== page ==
SWAMI TURIYANANDA: “Has it been revealed to you what the
purpose of this human birth is? Sri Ramakrishna’s life is an example
for us. The Master had the vision of the living Mother of the Universe
and entered into an intimate relationship with her. He surrendered
himself to her. But once the Master told us, like a child, that he did
not always obey her.”

“If you want to catch fish, first you must throw bait into the
water. Then you will see the tail of a fish, the fish will swallow the
bait, and gradually you will haul it in. Afterwards you make fish curry,

16
eat, and are satisfied.”

“D. has written that he is unhappy. You see, he wants to be
somebody. He doesn’t want to work under another’s direction. But let
him first be worthy of leadership. Why is he unhappy? It’s his own
fault. Why doesn’t he struggle to follow the ideal? He has read the
teachings. Let him practice them. What else? What is spiritual
attainment—growing two horns and a tail? No, no! We understand
the whole situation. He is unhappy because he does not want to work
under somebody else.”

DISCIPLE: “No, sir, he is just asking your help because he has
not had any spiritual experiences.”

SWAMI TURIYANANDA: “What kind of help does he want? There
must be self-effort. Sri Ramakrishna used to say: ‘Struggle a little!
Then the guru will help you further.’ From our own experience we can
confirm that if you move one step toward God, he will take ten steps
toward you.”

DISCIPLE: “But if the Master wished, couldn’t he transform and
elevate anyone’s consciousness?”

SWAMI TURIYANANDA: “Yes, he could, but only of those who
had some substance in them. The Master used to say about some
people, ‘They won’t achieve much in this life.’ Unless there is self-
effort, nothing can be accomplished. The illumined souls show us the
path. Isn’t that a great help? But we have to walk it. If you open your
hearts to us we can show you the path, because we have walked the
path.”

DISCIPLE: “We don’t understand our own minds.”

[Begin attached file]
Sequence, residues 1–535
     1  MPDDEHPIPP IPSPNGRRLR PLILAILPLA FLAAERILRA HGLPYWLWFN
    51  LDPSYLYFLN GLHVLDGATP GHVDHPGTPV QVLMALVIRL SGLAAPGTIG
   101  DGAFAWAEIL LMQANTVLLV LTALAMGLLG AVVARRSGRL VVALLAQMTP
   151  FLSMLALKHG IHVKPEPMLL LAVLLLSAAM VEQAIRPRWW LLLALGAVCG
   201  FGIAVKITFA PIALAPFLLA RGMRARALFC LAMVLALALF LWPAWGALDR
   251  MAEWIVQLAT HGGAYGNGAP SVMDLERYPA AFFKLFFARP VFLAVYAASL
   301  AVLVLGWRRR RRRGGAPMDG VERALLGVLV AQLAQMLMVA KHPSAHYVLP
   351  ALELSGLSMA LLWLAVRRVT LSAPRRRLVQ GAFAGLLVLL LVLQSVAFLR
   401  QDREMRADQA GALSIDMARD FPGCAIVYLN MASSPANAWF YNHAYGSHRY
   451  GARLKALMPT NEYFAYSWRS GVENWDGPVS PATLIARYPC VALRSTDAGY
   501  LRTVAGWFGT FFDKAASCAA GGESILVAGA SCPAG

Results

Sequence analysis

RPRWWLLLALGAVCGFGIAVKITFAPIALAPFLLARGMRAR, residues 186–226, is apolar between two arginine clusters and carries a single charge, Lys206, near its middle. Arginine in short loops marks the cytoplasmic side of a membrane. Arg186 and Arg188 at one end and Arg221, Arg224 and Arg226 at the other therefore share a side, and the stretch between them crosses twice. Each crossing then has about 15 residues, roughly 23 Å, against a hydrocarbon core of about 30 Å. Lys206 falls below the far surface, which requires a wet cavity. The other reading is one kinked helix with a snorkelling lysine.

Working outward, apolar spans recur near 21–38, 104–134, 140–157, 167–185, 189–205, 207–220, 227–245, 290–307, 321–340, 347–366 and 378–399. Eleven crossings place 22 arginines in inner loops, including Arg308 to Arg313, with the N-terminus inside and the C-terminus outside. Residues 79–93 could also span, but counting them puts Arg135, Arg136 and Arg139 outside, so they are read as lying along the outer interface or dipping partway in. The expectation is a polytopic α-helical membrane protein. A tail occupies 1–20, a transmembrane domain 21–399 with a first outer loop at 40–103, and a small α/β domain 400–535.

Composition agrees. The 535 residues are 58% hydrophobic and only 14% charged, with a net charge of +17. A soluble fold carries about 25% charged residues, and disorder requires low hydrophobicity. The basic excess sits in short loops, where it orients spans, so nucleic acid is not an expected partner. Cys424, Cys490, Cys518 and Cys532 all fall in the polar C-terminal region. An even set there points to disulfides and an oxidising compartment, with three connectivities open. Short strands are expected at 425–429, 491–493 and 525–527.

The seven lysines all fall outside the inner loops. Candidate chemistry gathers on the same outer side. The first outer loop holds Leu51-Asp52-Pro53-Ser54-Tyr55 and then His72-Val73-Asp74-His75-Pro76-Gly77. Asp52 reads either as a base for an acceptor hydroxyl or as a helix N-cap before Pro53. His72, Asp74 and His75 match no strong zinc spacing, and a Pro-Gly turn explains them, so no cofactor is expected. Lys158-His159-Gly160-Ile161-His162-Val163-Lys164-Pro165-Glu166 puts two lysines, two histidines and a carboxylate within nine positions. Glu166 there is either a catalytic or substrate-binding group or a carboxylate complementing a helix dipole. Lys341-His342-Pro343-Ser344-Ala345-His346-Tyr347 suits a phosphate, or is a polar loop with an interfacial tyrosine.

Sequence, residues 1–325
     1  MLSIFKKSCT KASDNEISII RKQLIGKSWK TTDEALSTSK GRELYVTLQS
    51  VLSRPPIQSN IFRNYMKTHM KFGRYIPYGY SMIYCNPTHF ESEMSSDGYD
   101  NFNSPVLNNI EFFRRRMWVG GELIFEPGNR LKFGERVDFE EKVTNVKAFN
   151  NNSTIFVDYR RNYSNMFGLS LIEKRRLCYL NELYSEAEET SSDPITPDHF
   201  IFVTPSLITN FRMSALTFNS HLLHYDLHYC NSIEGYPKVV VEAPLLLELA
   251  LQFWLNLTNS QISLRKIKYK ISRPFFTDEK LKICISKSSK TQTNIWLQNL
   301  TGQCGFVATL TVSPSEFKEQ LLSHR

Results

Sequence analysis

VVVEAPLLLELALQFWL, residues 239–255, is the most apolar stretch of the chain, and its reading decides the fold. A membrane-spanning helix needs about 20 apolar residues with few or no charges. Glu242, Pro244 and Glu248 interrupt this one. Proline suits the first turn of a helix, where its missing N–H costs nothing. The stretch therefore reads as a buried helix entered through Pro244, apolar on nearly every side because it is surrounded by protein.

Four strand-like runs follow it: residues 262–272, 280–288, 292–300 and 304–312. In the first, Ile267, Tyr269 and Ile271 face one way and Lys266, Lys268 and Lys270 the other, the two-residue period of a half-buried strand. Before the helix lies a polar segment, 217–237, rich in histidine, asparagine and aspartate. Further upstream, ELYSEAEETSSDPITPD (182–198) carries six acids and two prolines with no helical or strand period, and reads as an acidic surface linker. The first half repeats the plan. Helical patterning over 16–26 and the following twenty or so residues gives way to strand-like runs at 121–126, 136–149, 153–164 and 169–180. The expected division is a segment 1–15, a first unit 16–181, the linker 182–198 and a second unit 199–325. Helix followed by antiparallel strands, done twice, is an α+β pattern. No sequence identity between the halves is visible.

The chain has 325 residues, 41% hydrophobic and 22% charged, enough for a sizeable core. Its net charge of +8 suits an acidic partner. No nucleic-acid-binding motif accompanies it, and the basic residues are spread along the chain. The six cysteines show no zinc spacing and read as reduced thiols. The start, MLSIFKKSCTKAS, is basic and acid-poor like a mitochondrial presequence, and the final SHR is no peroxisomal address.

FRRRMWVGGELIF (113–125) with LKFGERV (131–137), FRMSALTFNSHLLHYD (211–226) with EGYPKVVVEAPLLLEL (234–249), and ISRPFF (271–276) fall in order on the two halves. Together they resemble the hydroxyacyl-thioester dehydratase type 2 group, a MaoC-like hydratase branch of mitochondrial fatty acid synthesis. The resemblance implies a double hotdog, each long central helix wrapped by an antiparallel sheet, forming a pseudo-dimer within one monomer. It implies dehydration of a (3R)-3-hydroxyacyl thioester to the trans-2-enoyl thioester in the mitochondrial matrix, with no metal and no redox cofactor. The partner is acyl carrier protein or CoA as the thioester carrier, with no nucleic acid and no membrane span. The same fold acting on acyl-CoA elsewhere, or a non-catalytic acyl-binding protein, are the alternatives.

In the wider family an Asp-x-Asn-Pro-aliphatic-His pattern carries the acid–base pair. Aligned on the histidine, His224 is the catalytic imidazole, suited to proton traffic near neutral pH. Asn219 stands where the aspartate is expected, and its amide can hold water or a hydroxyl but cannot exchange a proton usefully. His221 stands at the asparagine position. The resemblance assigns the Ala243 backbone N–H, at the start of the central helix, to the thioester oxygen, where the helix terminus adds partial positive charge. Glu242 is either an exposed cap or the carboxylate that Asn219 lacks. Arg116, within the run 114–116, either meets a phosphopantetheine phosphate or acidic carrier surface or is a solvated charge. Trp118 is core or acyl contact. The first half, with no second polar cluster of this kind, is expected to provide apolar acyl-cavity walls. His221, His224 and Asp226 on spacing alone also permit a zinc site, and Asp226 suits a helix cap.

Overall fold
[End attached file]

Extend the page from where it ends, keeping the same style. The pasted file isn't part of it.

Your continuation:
SWAMI TURIYANANDA: “We can help you there. But you must
have the desire to control your minds.”

“Once a king came to a holy man and said: ‘Holy sir, please
help me control my mind. I am so immersed in worldliness!’ The holy
man replied: ‘Know this world to be ephemeral. See its
worthlessness, and your mind will become detached from it.’ Then
the holy man held on to a pillar and asked the king to release him.
The king answered: ‘Why don’t you just let it go?’ Then he
understood.”

“The plate of food is set before you, but you keep your mouth
closed. Do we have to force the food down your throats? This
lethargy is a disease of the mind! You may ask, ‘Does not the Lord do
everything for his devotee?’ The point is, first become a devotee,

17
then he will do everything for you. But devotion is not to be had so
easily. You have to surrender yourself completely to him. If you can’t
do that, weep before him and say, ‘Lord, I have no devotion. I have
not found you.’ People shed jugfuls of tears for riches. Learn to weep
for him! Unless you do, why should God do anything for you? He does
not care if you don’t care. If you can feel restless for God, know that
he is very near. Then you don’t have to wait long for his vision.
Analyze your mind! Find out if you really want him!”

“E. has some self-control. He controls his lust. But he does not
spend his time in prayer and meditation. He does not direct his mind
toward God. Therefore his passions found expression in other
channels.”

“Sri Ramakrishna once told me to increase my lust. I was
shocked. Then the Master explained: ‘What is lust? It the desire for
fulfillment. Desire fulfillment in Him and intensify that desire!’ Then
the lust for flesh left me.”

“F. did not practice meditation or japam. He believed only in
work. Yes, he gave me personal service. But what of that? You may
be sure that through the Lord’s grace I can take care of myself. I
don’t need anyone to serve me. But what could I do? Kedar Baba left
him with me. I often told F.: ‘Why do you live like this? Work, any
servant can do for four rupees a month!’ At first I tried my best to
bring him out, but I failed. He did not open his heart to me and
continued to live within his own shell.”

“Generally, the tendency of people is to try to display their
good side and to hide their shortcomings. Those who can confess
their faults openly before others overcome them quickly. But it is not
so easy to admit one’s defects. Know that those who do so have
some substance in them. G. was very frank. He used to speak openly
of his faults and so got rid of them.”

“Try to make everyone your own, and they will be your own. Be
like a little child. If someone tells a child that a certain person is his
brother, he will believe it. The more you approach the Lord, the more
sincere and openhearted you will be. Our Master was the embodiment
of frankness.”

Swami Turiyananda wrote to the boy who had complained that
he was unhappy. The substance of his letter follows: “If you are
unhappy because you have not found God, then the more you
intensify this unhappiness the more grace you will find descending
upon you. But if you are sad for any other reason, shun that
unhappiness with great care because it will be an obstacle in your
path."

18
SWAMI TURIYANANDA: “Those who worship the Lord only in a
picture are just ordinary devotees. But those who see him in all